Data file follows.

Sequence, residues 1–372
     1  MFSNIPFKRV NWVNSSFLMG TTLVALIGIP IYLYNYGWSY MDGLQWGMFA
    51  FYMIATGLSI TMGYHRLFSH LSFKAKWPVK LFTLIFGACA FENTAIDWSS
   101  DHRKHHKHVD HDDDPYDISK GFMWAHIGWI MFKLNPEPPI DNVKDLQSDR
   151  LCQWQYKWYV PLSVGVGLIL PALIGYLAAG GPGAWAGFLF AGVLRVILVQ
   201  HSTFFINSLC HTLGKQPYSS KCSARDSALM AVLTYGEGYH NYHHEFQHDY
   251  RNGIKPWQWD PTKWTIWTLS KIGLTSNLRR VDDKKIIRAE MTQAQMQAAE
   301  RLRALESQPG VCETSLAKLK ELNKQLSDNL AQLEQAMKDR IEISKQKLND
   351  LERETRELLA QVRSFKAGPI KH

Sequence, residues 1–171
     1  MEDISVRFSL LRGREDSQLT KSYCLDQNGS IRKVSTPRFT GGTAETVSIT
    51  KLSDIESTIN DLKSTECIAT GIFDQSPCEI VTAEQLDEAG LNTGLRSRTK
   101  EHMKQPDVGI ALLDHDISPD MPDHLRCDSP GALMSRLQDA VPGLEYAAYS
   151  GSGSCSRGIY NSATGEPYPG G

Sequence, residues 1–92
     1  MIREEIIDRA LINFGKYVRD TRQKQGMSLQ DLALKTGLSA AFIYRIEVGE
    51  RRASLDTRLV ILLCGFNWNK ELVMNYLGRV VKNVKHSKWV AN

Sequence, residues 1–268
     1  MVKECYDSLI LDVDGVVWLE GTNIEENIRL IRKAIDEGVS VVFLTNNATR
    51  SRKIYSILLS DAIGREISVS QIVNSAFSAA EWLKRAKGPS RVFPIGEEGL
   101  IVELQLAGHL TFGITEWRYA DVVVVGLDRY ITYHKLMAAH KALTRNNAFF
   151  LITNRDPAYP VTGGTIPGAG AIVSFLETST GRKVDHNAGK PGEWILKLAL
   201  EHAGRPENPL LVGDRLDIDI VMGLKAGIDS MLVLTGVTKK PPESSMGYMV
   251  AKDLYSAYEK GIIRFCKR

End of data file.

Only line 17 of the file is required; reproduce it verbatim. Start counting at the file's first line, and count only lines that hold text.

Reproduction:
    51  RRASLDTRLV ILLCGFNWNK ELVMNYLGRV VKNVKHSKWV AN